Bermuda’s new education chief must fix the island’s public schools, which are failing young black men, a former acting commissioner said.
Lou Matthews said Kalmar Richards faced a variety of problems.
He added that the island had to make a “radical change” in education funding to give more power to schools.
Dr Matthews said a “drastic rethink” was also needed because public schools “are ill-suited for the development of black men and healthy, trauma-free communities”.
He said: “My big hope is that we can move through to this and that Ms Richards can lead our system courageously into this space.”
Dr Matthews was speaking after Ms Richards, former principal of CedarBridge Academy, was confirmed as Commissioner of Education on Tuesday.
Ms Richards was appointed as Acting Commissioner last December after Freddie Evans was removed from the post two months earlier.
Dr Matthews said Ms Richards’s appointment came as no surprise and that she was a “consummate professional and leader, with a great deal of experience, passion and expertise in public education”.
Dr Matthews added: “She will be great for the country.”
He said the greatest challenges Ms Richards faced was the same as her predecessors.
Dr Matthews added that past commissioners had “always been confined by political meddling and shortsightedness, budget instability and bureaucracy”.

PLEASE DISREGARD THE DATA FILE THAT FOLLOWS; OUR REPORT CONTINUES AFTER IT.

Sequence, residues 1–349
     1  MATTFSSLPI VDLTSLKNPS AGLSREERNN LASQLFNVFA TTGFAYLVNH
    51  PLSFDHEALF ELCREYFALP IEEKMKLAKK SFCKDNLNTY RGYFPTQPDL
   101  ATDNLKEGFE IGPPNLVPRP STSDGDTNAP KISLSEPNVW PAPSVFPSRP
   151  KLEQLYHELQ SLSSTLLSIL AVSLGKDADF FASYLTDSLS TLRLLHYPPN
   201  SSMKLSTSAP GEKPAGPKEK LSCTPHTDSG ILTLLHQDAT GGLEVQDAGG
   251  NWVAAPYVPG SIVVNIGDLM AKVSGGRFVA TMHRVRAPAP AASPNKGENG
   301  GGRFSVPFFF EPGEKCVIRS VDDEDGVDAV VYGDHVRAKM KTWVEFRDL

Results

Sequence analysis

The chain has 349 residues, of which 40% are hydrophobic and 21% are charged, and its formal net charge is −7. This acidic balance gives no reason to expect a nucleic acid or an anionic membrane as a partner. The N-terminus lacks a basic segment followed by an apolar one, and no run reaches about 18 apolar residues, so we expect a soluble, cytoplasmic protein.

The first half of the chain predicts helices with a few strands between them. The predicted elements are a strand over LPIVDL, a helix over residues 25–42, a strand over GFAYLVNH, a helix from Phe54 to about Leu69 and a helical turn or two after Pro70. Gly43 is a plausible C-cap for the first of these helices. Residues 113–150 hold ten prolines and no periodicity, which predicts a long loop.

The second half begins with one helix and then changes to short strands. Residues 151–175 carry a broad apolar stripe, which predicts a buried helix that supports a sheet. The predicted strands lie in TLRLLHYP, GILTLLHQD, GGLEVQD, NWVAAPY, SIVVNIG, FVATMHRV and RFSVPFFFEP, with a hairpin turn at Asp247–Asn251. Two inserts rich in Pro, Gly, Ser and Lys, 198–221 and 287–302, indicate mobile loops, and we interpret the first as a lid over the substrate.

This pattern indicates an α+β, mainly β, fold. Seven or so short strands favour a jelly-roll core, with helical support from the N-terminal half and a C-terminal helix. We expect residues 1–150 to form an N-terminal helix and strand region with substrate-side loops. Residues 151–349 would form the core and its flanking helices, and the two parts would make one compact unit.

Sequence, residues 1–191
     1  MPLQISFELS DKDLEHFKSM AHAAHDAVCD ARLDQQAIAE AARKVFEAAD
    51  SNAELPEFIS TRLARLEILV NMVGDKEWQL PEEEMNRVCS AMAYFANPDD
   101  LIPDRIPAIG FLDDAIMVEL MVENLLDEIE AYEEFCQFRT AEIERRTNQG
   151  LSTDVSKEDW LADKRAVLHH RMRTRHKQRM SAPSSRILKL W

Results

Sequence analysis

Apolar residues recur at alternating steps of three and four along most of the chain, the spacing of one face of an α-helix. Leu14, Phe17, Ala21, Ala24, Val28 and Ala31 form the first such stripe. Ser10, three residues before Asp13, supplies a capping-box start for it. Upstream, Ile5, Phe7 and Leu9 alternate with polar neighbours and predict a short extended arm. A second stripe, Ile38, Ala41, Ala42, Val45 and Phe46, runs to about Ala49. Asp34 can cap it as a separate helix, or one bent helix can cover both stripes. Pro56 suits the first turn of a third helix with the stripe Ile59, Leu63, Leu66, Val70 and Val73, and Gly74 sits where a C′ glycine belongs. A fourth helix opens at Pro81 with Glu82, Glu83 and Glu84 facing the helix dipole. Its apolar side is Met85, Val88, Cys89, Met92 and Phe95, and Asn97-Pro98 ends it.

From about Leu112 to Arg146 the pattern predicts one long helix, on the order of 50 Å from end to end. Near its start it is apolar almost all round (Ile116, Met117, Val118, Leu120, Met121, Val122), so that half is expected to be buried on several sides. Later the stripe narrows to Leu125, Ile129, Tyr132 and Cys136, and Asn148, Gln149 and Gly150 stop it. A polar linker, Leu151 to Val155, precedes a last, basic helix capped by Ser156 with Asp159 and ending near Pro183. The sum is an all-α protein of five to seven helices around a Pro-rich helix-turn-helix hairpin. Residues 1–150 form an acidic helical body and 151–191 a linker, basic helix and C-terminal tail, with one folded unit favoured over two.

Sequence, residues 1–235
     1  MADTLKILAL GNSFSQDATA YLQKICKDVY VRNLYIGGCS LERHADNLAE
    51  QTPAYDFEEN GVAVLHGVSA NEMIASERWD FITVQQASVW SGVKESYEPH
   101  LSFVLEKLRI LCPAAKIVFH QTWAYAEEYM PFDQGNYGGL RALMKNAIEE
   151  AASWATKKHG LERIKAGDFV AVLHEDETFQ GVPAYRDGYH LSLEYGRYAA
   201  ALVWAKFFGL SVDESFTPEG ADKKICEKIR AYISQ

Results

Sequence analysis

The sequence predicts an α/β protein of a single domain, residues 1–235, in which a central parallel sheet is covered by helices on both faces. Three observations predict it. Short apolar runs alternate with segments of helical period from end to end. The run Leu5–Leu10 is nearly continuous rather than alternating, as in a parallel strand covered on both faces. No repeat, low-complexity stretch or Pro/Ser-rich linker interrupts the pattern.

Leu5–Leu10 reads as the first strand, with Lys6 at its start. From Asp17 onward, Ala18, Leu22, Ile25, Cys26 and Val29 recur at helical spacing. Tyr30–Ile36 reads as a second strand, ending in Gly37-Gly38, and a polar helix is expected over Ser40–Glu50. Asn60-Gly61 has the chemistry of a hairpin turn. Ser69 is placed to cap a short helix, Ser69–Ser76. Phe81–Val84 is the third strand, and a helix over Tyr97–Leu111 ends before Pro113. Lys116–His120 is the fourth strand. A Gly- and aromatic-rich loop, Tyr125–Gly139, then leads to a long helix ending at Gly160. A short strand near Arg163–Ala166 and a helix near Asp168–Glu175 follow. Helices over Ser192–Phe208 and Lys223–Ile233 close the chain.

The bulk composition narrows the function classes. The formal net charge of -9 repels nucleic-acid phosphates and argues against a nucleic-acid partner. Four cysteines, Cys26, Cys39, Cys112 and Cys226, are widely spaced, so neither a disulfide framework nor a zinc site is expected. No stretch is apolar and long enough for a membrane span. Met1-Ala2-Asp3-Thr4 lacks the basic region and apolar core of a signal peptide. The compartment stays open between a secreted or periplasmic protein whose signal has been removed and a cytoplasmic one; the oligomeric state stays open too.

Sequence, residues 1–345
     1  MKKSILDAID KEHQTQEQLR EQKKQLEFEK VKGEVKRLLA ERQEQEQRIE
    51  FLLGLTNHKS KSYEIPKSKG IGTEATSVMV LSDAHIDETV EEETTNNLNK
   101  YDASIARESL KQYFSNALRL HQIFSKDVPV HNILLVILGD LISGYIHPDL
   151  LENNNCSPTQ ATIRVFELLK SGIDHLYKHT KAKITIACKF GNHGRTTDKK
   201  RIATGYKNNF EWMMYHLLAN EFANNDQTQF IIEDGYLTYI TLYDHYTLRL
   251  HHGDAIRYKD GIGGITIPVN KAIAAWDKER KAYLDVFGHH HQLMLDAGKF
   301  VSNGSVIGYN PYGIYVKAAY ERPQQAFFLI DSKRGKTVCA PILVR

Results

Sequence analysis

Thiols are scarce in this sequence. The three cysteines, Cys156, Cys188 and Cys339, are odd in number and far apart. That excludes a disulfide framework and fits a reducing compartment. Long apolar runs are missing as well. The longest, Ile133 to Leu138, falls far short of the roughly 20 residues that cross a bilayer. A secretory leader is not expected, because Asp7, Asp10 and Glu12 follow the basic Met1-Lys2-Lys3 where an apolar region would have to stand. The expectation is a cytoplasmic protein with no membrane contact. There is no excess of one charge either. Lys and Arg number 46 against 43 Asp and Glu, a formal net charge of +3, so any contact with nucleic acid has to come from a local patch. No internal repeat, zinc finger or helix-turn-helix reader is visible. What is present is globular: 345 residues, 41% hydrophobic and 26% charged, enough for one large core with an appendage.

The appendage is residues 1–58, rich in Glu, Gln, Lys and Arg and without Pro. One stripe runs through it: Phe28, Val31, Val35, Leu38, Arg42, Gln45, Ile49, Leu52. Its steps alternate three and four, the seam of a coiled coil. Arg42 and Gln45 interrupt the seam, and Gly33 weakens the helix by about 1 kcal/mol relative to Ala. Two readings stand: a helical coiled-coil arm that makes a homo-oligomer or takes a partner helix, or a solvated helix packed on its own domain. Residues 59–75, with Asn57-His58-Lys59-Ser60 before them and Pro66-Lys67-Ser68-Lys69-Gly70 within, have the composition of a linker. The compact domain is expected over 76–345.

He said that Ms Richards would have to “wade through these waters”.
But Dr Matthews added: “She is more than capable of doing so.”
He warned that Ms Richards had a mountain of work ahead of her.
Dr Matthews said: “We have to improve the learning conditions that teachers and students are required to work in and shift to more culturally responsive education.
“The biggest challenge is whether we can give her and her teams the full fiscal and strategic autonomy and support to lead education beyond political and bureaucratic interests.”
He added: “I wish her the very best and will support the nation’s efforts where I can.”
One Bermuda Alliance senator Nandi Outerbridge said that she was “confident Ms Richards has what it takes to be an excellent Commissioner of Education”.
She added: “I congratulate her on this opportunity to lead all students in Bermuda and towards the successful implementation of Plan 2022.
“Although there may be challenges ahead, Ms Richards has a record of excellence and I wish her every success as good leadership and stability in education is what our children need.”
Ms Richards’s 35-year career in education began as a high school teacher in 1983.
She has also worked as a primary school principal before moving on to CedarBridge.